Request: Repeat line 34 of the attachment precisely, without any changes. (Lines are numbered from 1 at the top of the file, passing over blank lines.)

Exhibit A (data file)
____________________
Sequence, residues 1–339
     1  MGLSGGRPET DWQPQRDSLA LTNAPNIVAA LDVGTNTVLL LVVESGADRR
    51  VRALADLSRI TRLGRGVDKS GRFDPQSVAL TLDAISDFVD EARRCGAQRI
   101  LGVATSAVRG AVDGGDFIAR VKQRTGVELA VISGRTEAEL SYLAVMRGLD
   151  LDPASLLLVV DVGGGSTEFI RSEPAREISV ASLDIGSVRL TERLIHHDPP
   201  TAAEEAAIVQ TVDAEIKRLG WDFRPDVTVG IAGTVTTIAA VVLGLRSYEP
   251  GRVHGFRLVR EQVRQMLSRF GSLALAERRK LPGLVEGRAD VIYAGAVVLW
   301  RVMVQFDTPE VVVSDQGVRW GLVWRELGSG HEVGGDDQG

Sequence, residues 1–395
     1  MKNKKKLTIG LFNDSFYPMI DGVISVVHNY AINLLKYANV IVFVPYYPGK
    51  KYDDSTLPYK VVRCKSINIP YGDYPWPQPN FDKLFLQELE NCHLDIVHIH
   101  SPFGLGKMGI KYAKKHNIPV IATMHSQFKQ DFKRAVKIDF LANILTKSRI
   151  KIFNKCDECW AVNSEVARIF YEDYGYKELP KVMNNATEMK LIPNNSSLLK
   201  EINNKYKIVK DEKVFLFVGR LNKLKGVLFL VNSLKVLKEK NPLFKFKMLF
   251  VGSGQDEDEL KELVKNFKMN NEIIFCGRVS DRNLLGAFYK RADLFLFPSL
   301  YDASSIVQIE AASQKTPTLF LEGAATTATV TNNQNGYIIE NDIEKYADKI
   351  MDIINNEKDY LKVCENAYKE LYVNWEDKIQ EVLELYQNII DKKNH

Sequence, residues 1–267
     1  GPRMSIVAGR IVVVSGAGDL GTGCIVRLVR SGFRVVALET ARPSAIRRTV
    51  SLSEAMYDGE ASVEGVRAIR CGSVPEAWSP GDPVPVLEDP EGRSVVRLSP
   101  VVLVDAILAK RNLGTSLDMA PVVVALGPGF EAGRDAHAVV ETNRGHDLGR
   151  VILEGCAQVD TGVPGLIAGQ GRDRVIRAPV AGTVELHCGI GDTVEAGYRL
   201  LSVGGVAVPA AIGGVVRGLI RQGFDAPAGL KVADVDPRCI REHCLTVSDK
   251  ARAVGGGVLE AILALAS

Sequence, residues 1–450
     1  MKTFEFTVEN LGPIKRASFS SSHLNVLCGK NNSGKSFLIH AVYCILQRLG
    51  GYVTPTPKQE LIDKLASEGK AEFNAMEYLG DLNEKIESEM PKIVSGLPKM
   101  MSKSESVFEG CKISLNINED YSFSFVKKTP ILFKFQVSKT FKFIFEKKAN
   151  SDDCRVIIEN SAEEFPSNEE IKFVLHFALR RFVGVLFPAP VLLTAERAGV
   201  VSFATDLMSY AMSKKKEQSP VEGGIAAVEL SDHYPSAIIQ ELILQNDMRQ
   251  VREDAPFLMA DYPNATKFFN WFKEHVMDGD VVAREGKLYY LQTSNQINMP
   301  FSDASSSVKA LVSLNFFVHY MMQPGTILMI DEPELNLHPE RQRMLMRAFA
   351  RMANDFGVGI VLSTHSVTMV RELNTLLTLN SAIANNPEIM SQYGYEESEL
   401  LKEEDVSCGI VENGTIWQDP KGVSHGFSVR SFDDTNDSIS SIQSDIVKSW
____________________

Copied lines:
   401  LKEEDVSCGI VENGTIWQDP KGVSHGFSVR SFDDTNDSIS SIQSDIVKSW